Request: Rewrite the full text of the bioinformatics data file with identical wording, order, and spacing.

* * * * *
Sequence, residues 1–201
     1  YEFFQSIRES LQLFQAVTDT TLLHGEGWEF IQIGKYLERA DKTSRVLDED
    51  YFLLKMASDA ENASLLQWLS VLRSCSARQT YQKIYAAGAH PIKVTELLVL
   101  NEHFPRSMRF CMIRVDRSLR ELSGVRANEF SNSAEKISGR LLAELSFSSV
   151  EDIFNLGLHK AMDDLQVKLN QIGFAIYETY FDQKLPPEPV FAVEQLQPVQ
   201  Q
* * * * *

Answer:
Sequence, residues 1–201
     1  YEFFQSIRES LQLFQAVTDT TLLHGEGWEF IQIGKYLERA DKTSRVLDED
    51  YFLLKMASDA ENASLLQWLS VLRSCSARQT YQKIYAAGAH PIKVTELLVL
   101  NEHFPRSMRF CMIRVDRSLR ELSGVRANEF SNSAEKISGR LLAELSFSSV
   151  EDIFNLGLHK AMDDLQVKLN QIGFAIYETY FDQKLPPEPV FAVEQLQPVQ
   201  Q